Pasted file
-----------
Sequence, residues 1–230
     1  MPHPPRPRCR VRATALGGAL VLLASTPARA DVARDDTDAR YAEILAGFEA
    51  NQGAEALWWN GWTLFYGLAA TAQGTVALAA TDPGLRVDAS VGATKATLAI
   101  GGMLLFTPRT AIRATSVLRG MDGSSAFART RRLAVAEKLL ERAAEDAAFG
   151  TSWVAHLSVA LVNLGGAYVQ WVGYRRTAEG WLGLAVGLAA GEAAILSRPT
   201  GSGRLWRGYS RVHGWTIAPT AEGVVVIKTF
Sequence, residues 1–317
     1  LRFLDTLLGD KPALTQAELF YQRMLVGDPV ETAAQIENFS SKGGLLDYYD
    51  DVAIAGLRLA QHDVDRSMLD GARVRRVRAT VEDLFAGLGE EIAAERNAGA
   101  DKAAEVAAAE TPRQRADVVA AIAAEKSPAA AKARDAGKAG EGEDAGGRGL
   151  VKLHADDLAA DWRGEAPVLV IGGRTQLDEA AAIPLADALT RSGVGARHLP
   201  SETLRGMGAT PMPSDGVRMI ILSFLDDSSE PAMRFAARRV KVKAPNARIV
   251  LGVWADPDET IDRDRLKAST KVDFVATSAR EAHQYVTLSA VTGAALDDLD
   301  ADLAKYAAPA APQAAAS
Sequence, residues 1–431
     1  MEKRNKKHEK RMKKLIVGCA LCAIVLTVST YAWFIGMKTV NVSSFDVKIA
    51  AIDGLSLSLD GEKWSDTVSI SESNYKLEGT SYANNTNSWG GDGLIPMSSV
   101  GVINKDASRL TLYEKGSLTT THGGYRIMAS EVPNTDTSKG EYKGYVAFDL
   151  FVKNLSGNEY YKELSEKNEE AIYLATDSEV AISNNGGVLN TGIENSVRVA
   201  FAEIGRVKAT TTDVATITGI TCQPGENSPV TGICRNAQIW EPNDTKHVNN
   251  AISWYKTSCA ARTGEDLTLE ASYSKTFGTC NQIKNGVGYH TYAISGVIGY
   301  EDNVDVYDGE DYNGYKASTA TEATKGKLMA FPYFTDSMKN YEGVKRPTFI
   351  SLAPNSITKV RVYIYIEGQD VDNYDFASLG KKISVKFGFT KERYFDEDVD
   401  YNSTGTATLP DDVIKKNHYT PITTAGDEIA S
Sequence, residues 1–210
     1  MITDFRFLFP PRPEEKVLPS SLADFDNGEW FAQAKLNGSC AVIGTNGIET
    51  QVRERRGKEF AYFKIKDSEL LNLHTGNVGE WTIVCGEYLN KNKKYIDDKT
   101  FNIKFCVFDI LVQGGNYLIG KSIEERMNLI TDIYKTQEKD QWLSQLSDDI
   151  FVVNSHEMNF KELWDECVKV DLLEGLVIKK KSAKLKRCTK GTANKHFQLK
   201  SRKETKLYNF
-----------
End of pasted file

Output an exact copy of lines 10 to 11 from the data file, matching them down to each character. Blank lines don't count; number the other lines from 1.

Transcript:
   101  DKAAEVAAAE TPRQRADVVA AIAAEKSPAA AKARDAGKAG EGEDAGGRGL
   151  VKLHADDLAA DWRGEAPVLV IGGRTQLDEA AAIPLADALT RSGVGARHLP